How to Wear a Suit: Unspoken Rules and 3 Styles You Need to Know

If you’re not in a setting where you’re expected to wear suits all the time, knowing all the style rules to follow might be a daunting task. Many of them are unspoken and you’re only clued in if you’re doing it wrong (because someone will immediately tell you so) or live and work as an expert or avid fashion follower.

To avoid this, we took the time to round up the most important rules for how to wear a suit and put them into a simple, condensed cheat-sheet that you can easily refer to whenever you find yourself neck-deep in a three-piece. Also, if you’re in the process of building your “suit wardrobe” the good news is you only need three staple suits that will work for any occasion.

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There are always exceptions and qualifications for each of these rules, so don’t take them as the end-all-be-all. Adding some personal flair is key.

The Basics of How to Wear a Suit

Man Putting on a Tie
  • Your belt should be relatively thin and also the same color as your shoes.
  • Your tie should always be darker than your dress shirt.
  • Your tie bar should never be wider than your tie.
  • If you’re wearing a vest, always keep the bottom button unbuttoned.
  • Always unbutton your suit before sitting down or you risk ruining it.
  • Always remove the stitching on the vents and the label on the left sleeve before wearing a new suit.
  • Never remove the stitching of the jacket pockets and never use your pockets, they can easily be stretched out, warping the entire suit.

The Finer Points of Wearing a Suit

Man putting on a cufflink
  • The width of your tie should match the width of your lapel.
  • Your tie should just reach the waistband of your trousers or the top of your belt buckle.
  • Your suit jacket should be just long enough to cover your pants’ zipper and butt.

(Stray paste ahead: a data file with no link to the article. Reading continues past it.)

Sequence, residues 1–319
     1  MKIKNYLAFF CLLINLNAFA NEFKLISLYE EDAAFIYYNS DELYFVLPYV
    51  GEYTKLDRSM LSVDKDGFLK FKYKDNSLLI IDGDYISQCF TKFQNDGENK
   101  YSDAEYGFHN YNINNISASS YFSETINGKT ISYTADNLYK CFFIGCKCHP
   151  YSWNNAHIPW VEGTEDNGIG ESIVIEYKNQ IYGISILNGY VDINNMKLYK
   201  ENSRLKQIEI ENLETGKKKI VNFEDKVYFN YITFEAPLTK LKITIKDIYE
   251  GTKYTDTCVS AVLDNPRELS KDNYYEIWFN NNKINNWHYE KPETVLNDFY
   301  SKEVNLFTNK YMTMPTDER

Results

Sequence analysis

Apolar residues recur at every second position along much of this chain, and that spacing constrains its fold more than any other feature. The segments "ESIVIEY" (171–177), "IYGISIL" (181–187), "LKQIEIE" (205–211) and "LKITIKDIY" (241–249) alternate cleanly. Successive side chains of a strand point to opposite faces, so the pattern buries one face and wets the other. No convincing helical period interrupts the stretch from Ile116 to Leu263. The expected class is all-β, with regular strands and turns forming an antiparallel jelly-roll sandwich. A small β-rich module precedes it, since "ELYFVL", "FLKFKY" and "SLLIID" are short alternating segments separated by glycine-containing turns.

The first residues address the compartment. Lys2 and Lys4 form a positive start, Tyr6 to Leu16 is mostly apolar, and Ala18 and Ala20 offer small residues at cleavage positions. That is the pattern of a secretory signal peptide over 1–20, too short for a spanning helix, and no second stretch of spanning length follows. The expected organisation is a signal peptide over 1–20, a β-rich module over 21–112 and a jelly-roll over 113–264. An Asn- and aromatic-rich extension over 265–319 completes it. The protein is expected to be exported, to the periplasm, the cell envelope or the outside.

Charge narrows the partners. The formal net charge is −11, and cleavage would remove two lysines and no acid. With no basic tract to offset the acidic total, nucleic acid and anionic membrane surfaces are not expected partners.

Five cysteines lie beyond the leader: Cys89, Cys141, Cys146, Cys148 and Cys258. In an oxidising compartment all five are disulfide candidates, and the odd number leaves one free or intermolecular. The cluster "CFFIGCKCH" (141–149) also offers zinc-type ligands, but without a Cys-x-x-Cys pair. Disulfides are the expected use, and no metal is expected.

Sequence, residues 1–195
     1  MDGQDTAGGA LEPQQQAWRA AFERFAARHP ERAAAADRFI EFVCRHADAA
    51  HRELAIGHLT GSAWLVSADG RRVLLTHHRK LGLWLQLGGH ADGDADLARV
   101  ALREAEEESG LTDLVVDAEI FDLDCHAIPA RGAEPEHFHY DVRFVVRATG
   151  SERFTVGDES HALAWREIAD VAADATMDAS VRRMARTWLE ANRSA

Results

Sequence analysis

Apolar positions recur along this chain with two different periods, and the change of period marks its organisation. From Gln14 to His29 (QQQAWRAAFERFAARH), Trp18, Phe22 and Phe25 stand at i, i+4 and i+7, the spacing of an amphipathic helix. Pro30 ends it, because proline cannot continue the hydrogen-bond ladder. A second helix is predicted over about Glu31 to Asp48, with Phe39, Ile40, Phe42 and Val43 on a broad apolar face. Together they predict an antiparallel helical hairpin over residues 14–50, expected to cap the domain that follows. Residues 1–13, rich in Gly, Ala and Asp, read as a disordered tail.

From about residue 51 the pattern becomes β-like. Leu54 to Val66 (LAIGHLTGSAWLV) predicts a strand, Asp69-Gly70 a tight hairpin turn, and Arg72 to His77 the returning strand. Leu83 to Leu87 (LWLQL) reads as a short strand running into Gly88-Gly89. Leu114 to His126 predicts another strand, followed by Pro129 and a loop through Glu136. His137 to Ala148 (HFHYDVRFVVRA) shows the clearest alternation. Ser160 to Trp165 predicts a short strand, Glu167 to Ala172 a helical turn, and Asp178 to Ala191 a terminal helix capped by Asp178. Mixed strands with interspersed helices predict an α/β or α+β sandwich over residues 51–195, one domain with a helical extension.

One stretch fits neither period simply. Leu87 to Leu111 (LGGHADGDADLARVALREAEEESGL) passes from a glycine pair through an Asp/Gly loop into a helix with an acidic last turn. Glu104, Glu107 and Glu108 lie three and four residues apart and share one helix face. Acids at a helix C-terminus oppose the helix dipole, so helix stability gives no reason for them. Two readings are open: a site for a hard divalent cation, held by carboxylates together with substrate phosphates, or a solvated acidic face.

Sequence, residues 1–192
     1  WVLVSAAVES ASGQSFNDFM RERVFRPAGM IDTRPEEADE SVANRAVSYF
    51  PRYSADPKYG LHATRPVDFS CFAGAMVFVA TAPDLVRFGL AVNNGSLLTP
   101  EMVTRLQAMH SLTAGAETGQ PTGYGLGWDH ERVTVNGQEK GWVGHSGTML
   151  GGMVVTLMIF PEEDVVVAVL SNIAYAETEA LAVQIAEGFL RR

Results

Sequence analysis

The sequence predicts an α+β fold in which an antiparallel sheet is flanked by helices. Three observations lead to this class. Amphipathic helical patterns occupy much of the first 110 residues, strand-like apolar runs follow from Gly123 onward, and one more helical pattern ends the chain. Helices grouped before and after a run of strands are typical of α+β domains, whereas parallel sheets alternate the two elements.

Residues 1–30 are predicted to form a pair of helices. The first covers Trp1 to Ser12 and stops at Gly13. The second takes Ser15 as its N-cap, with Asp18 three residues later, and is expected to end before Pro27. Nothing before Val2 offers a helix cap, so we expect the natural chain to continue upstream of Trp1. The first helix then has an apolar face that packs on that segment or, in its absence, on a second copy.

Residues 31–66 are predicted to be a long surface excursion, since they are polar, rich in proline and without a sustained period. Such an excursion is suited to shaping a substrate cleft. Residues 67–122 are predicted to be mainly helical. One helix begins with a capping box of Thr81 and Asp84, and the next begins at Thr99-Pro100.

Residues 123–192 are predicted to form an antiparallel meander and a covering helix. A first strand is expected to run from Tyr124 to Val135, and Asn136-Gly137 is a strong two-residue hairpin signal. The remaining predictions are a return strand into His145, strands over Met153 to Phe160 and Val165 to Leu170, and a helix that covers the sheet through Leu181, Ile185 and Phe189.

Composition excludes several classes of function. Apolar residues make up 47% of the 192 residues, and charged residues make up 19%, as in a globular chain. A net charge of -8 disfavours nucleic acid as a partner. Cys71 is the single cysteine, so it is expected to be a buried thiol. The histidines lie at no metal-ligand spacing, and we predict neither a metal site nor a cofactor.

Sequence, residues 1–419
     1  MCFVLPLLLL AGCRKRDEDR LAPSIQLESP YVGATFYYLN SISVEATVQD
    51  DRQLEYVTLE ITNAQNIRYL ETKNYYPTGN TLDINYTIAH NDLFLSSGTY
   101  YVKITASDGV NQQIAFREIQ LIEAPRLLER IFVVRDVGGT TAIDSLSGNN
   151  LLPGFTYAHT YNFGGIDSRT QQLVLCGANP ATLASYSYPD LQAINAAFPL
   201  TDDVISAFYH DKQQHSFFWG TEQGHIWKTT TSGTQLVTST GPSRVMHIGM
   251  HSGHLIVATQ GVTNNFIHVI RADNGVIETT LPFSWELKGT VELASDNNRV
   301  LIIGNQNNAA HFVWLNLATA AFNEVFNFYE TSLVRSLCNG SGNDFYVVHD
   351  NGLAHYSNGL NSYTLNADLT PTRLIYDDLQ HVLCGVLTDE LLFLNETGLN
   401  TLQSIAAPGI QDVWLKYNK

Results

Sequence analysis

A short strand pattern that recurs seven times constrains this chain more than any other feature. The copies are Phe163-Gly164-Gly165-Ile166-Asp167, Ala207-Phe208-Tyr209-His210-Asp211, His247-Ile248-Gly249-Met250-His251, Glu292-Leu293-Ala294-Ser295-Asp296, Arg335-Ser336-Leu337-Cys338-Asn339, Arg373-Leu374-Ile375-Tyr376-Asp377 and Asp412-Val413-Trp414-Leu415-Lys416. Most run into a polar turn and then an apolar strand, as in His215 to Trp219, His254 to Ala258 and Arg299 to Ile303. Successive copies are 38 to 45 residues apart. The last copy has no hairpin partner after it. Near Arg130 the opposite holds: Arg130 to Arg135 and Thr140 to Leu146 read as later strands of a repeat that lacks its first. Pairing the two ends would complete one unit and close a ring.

• The top button of a two-button (or the middle button of a three-button) jacket should fall at or above your navel.
  • Sleeve cuffs should be exposed about half an inch.
  • Make sure that your socks are long enough that there’s no exposed leg when sitting down.
  • A good tailor can work wonders on a suit that you love, but know it won’t fit or feel like it did before.

Style-Savvy Tips for Wearing a Suit

Man with a Pocket Square
  • A pocket square adds an extra level of polish, but make sure it doesn’t match your tie in either pattern or fabric choice.
  • In general, thin lapels are more modern, whereas wide lapels are more old-school (read: dated).
  • Opt for a charcoal or gray suit over black, unless you’re attending a funeral or other equally conservative event.
  • For a more fashion-forward look, the pant hem should hit right at the top of your shoe.
  • When you go without a tie, it’s best to keep your shirt collar on the smaller side.
  • Double vents in the back are more modern and fashionable.
  • Avoid over-accessorizing. If you’re already wearing a pocket square and a tie bar, you’ll want to reconsider that clever lapel pin.

Tips for Smart Suit Shopping

Man wearing a suit talking on the phone